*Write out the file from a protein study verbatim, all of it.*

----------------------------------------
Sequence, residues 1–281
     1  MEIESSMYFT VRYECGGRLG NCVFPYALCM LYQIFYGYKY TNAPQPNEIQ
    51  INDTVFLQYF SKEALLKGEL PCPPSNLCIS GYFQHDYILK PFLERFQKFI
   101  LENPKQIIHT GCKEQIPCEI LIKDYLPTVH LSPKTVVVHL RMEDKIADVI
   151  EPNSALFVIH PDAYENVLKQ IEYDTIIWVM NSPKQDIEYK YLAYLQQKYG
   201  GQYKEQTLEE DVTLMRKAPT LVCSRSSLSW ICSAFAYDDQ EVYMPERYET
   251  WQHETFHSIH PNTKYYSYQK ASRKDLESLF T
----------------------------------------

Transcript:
Sequence, residues 1–281
     1  MEIESSMYFT VRYECGGRLG NCVFPYALCM LYQIFYGYKY TNAPQPNEIQ
    51  INDTVFLQYF SKEALLKGEL PCPPSNLCIS GYFQHDYILK PFLERFQKFI
   101  LENPKQIIHT GCKEQIPCEI LIKDYLPTVH LSPKTVVVHL RMEDKIADVI
   151  EPNSALFVIH PDAYENVLKQ IEYDTIIWVM NSPKQDIEYK YLAYLQQKYG
   201  GQYKEQTLEE DVTLMRKAPT LVCSRSSLSW ICSAFAYDDQ EVYMPERYET
   251  WQHETFHSIH PNTKYYSYQK ASRKDLESLF T